The next small stepBMJ 2004; 329 doi: http://dx.doi.org/10.1136/bmj.329.7480.1441 (Published 16 December 2004) Cite this as: BMJ 2004;329:1441
- Kevin Fong, research fellow (email@example.com)1
- 1 Centre for Aviation, Space and Extreme Environments, Middlesex Hospital, London W1T 3AA
Astrodynamic considerations and existing propulsion technology limit the speed with which a crew can be delivered to and returned from the surface of Mars. A typical, energy efficient mission profile might involve six months of outward bound journey, up to a year and a half of exploration on the planet surface, and a return flight lasting another six months.1 All told this comes to nearly one thousand days, more than twice the length of any single mission in the history of human space flight and an order of magnitude longer than routine International Space Station operations.
Several hazards await the crews of Mars missions, including radiation exposure and the psychological stress of spending 30 months in a confined habitat, further from Earth than any human in history, with death no more than a hull's thickness away. This article focuses on the effects of prolonged weightlessness on the human body and our current understanding of the effects of microgravity on physiology.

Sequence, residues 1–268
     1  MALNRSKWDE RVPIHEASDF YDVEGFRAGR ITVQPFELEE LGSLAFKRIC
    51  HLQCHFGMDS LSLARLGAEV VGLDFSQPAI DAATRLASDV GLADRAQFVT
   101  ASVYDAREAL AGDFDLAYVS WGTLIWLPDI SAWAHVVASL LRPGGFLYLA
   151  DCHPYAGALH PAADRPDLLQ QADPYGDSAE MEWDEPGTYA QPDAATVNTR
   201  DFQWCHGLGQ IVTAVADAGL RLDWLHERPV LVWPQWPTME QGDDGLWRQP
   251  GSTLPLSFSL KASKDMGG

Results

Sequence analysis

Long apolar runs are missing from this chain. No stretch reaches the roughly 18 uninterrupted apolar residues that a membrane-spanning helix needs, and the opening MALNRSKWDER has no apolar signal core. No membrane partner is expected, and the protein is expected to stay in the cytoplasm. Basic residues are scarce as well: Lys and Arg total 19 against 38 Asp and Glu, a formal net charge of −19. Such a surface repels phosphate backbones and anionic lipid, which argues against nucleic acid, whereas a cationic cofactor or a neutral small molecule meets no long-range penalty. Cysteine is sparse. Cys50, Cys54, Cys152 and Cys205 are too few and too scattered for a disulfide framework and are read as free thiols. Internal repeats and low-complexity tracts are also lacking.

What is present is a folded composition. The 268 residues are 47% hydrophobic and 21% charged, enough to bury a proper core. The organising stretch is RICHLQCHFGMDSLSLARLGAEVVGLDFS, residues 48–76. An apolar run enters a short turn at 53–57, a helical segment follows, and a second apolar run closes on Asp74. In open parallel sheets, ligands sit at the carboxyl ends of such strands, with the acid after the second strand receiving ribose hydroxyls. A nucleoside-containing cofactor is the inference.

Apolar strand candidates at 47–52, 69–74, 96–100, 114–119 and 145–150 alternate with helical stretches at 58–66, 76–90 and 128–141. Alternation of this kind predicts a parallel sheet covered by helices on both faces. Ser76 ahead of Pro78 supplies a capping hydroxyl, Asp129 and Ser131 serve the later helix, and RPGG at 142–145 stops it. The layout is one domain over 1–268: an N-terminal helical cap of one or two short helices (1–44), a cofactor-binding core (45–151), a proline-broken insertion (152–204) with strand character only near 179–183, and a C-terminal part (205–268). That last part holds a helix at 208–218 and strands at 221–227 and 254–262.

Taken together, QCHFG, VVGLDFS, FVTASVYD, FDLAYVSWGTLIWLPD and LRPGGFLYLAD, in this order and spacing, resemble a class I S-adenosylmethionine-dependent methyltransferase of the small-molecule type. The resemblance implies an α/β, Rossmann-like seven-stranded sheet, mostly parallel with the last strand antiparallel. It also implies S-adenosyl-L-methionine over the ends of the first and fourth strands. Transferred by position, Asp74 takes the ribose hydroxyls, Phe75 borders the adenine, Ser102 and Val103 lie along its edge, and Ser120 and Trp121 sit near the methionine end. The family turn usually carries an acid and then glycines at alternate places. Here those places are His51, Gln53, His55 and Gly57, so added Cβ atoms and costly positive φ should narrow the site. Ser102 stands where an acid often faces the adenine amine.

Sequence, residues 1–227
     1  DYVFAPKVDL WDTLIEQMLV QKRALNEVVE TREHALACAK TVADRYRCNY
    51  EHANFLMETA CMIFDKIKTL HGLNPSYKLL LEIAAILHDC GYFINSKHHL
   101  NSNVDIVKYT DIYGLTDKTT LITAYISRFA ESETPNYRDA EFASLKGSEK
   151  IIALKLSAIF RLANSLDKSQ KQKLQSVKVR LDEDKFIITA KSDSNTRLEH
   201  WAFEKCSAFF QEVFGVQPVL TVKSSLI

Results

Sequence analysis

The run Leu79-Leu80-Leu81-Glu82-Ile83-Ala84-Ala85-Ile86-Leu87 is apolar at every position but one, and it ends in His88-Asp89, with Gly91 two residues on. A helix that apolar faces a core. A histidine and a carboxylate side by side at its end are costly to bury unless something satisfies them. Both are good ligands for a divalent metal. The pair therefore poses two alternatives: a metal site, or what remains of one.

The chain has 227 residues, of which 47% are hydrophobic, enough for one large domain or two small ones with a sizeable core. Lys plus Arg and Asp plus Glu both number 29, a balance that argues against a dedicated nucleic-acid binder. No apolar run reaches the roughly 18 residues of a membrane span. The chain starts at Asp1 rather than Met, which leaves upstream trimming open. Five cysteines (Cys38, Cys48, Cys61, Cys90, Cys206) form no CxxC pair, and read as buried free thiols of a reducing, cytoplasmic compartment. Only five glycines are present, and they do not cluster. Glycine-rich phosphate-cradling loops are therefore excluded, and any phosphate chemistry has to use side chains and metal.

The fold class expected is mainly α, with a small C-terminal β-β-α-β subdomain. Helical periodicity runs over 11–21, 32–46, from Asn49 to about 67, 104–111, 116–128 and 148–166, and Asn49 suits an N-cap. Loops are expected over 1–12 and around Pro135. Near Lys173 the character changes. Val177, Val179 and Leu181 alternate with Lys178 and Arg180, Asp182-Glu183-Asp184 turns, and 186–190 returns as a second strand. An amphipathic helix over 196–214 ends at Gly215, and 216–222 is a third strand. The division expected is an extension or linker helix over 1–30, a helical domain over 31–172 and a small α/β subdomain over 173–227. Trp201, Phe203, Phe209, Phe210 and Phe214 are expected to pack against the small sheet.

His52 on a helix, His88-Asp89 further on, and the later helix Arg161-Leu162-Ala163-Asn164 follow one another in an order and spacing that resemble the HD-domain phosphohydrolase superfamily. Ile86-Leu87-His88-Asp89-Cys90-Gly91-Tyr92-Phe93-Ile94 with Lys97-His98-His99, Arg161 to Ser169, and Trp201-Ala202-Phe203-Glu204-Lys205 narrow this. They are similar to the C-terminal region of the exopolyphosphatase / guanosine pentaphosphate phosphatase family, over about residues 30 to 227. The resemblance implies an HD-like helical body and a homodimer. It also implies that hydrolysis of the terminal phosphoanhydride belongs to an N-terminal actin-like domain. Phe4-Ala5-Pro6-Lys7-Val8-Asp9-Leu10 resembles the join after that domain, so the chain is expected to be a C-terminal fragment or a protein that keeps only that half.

Physiology of microgravity
Prolonged exposure to microgravity seems to affect almost all physiological systems. Disturbances of haemopoiesis, immunosuppression, and endocrine changes have all been observed.2–4 The effects of microgravity that are of key importance to human space operations are those on the musculoskeletal, neurovestibular, and cardiovascular systems.
Effects on the musculoskeletal system
That demineralisation of bone should occur in the face of the unloading associated with weightlessness is predictable from Wolffe's law. The rate and extent of this process is considerable, with losses of 1-2% of bone mass per month in flight.5 If unabated over the duration of a mission to Mars, this bone demineralisation, with its resultant hypercalcaemia and …